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The aim of this note is to provide a quick proof of the Borel-Weil-Bott theorem, which describes the
cohomology of line bundles on flag varieties. Let G denote a reductive algebraic group over the field C of
complex numbers. We let B denote a Borel subgroup of G, and X = G/B be quotient of G by B, acting
by right multiplication. The quotient X is a compact complex manifold. The anticanonical bundle of X is
ample, so that X has the structure of a projective algebraic variety.
Our actual objects of study are not line bundles on X, but equivariant line bundles on X. The following
result is, strictly speaking, unnecessary for what follows. Nevertheless it is an interesting fact in its own
Theorem 1. If G is semisimple and simply connected, then the forgetful functor from the groupoid of
equivariant line bundles on X to the groupoid of line bundles on X is an equivalence of categories.
Proof. The forgetful functor is faithful by construction. To see that it is full, we must show that every
isomorphism L → L0 of equivariant line bundles is actually G-equivariant. To specify such an isomorphism
is to specify a nowhere vanishing section of the equivariant line bundle L−1 ⊗ L0 . This line bundle is trivial,
hence G acts by a character on its space of global sections. Since G is semisimple, this character must be
trivial, and any global section is invariant.
It remains to show that the forgetful functor is essentially surjective. In other words, we must show that
any line bundle L on X admits an action of G, compatible with the action of G on X. Let a : G × X → X
classify the action of G on X, and let
π1 : G × X → G
π2 : G × X → X
π2∗ L−1 .
Since X is simply connected (as one sees, for example, from
be the projections. Let M = a L ⊗
the Bruhat decomposition, which exhibits X as a CW-complex with no 1-cells), its Picard variety is trivial.
Thus the fibers of a connected family of line bundles on X are all isomorphic. In particular, since the fiber
of M over the identity e ∈ G is trivial on {e} × X, M is trivial on each fiber of π1 . Since π1 is proper, it
follows that M is a pullback of a line bundle on G.
Since H2 (G, Z) is trivial, any line bundle on G is topologically trivial. As G is a Stein space (it is an affine
algebraic variety), such a line bundle is also holomorphically trivial. Thus M is (holomorphically) trivial, so
a∗ L ' π2∗ L as holomorphic line bundles. Consequently there exists a projective action of G on L compatible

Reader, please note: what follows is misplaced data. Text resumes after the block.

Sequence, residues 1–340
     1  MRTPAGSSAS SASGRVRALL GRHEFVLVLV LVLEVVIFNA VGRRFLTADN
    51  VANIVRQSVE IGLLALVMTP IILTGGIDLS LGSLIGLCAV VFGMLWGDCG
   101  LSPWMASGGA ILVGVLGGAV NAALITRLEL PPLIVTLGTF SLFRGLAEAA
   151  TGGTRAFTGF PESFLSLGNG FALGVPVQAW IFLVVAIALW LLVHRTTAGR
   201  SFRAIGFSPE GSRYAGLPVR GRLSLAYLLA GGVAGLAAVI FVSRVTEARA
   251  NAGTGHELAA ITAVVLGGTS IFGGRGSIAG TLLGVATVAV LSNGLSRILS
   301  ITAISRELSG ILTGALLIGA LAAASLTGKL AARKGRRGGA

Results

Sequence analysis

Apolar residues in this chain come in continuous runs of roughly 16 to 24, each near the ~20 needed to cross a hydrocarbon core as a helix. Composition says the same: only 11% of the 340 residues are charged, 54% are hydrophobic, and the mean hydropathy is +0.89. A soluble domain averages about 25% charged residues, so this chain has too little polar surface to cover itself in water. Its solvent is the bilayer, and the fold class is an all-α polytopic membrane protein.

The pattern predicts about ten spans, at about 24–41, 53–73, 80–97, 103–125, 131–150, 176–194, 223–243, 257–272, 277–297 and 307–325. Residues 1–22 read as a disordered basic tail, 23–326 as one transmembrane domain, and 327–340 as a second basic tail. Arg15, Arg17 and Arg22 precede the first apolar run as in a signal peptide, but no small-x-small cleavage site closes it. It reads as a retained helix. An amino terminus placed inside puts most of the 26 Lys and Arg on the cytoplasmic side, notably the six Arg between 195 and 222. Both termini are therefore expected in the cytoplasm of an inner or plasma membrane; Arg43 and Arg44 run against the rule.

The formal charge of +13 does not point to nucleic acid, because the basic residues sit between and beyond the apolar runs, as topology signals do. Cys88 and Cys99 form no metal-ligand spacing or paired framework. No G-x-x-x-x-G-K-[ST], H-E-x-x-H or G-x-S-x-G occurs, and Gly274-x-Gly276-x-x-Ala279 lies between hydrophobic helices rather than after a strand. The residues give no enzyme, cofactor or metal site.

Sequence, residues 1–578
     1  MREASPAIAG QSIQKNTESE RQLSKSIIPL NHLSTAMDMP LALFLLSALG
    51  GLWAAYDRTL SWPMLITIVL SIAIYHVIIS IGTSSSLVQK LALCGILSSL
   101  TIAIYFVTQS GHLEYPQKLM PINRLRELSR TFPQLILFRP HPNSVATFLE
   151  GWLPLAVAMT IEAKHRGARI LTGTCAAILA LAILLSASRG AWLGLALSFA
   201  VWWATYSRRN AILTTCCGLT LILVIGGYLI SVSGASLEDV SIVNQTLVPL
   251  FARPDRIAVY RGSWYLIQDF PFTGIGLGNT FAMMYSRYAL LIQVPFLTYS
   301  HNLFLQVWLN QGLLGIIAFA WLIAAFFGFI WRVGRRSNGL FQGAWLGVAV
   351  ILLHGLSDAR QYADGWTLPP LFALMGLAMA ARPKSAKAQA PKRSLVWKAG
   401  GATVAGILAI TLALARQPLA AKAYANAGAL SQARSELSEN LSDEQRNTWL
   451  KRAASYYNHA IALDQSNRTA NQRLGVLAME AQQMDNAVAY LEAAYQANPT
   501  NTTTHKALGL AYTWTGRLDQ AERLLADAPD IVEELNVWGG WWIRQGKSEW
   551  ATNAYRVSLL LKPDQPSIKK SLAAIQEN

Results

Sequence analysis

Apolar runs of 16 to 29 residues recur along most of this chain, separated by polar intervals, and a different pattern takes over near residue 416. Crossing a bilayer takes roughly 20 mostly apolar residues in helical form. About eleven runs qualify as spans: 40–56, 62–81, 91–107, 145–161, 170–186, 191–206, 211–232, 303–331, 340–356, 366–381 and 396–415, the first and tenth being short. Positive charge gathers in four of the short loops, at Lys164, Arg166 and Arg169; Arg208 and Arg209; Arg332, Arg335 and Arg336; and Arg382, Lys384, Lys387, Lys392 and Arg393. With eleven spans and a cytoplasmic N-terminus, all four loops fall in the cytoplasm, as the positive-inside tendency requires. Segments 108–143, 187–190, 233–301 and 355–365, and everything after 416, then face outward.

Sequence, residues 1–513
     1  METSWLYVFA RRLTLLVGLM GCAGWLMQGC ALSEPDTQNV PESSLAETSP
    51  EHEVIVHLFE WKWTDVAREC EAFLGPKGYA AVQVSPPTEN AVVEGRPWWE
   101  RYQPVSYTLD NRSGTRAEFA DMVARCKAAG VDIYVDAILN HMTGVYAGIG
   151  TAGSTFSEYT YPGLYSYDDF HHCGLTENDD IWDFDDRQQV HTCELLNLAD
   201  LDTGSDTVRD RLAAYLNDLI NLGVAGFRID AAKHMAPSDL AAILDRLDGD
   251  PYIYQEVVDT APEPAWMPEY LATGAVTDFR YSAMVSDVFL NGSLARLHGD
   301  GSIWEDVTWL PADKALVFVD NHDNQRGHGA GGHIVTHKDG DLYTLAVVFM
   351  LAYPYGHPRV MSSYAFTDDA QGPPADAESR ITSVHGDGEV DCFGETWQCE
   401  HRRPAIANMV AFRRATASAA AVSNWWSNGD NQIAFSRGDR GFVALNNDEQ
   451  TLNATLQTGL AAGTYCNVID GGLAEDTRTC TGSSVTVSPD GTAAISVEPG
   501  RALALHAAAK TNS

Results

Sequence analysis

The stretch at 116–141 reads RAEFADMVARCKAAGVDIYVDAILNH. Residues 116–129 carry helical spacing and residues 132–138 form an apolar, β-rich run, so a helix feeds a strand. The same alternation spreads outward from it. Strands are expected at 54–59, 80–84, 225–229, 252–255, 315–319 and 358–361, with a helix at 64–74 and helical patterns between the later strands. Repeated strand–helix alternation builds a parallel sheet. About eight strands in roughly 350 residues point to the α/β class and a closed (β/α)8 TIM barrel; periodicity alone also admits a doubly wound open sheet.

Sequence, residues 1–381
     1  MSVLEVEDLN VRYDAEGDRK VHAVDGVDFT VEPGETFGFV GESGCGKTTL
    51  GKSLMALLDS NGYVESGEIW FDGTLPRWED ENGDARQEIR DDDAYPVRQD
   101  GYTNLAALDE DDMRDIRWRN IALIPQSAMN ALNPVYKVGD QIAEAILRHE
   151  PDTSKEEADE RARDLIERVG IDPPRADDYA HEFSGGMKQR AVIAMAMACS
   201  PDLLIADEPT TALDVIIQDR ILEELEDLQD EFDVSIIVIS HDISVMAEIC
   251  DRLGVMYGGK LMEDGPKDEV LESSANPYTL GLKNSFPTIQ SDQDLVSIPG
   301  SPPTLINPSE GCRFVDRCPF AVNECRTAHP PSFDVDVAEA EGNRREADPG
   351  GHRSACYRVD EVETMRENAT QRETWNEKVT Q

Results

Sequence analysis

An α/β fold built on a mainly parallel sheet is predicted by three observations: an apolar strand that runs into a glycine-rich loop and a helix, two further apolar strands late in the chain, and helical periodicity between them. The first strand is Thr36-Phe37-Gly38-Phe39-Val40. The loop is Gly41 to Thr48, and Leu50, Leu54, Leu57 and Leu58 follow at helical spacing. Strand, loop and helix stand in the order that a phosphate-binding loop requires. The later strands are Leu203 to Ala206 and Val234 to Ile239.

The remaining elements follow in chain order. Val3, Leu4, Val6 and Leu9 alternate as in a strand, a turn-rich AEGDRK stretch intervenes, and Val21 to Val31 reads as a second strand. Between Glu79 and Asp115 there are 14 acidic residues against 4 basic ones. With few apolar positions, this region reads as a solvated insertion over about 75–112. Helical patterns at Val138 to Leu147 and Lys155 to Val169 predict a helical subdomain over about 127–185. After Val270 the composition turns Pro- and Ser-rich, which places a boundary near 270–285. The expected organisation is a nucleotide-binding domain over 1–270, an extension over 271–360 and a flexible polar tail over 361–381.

e of G by C× . Since
with its action on X. To this projective action there corresponds a central extension G
G is simply-connected, the structure theory of reductive Lie groups shows that this extension is split (the
e maps isomorphically onto G). Thus there is an action of G on L, compatible
commutator subgroup of G
with its action on X.
Equivariant line bundles on X are easily described. They are classified by the one-dimensional (holomorphic) representations of B. Let U denote the unipotent radical of B and T a maximal torus of B, so that
B = T U . Then one-dimensional representations of B correspond bijectively to the characters of T . Let
Λ denote the character group of T , and for each λ ∈ Λ, let Lλ denote the corresponding equivariant line
bundle. Let W denote the Weyl group of G.
Theorem 2. If −λ is not a dominant weight, then H0 (X, Lλ ) = 0. If −λ is dominant, then H0 (X, Lλ ) is
an irreducible representation of G with lowest weight λ (and therefore dual to the representation of G with
highest weight −λ).
Proof. Since X is compact, V = H0 (X, Lλ ) is a finite-dimensional (holomorphic) representation of G. Let
U 0 be the unipotent radical of a Borel subgroup opposite B containing the torus T , and let V0 ⊆ V denote
the subspace of “lowest weight” vectors: that is, the subset consisting of elements which are invariant under
U 0.
We can identify V with the space of holomorphic functions on G satisfying the functional equation
v(xb) = λ(b)v(x) for each b ∈ B. In this representation, G acts by left multiplication: (gv)(x) = v(gx). We
may therefore identify the V0 with the space of holomorphic functions in V which also satisfy v(ux) = v(x)
for u ∈ U 0 . In particular, we have v(ub) = λ(b)v(1) for u ∈ U 0 , b ∈ B. Since U 0 B is dense in G, we see that
V0 is at most one-dimensional. If nonzero, it is generated by a single function v satisfying v(1) = 1. For
t ∈ T , we have
(tv)(1) = v(t) = λ(t)v(1),
so that tv = λ(t)v and therefore V is an irreducible representation with lowest weight λ. Clearly, this is
impossible unless −λ is dominant.
All that remains is to prove that V0 is nontrivial if −λ is dominant. In this case, we claim that there is a
holomorphic function v on G such that v(ub) = λ(b). Then v satisfies the conditions
v(gb) = λ(b)v(g)
v(ug) = v(g)
for all g ∈ U B, hence for all g ∈ G by continuity, so that v ∈ V0 as desired.
To construct the function v, let B 0 = U 0 T be a Borel subgroup opposite B, and consider the Bruhat
decomposition of G into double cosets B 0 \G/B. The “big cell” of this decomposition is biholomorphic to
U 0 × B, so the condition v(ub) = λ(b) determines v uniquely on U 0 B. We must show that this holomorphic
function extends over the other Bruhat cells. Since v is algebraic on U 0 B, it suffices to show that v has no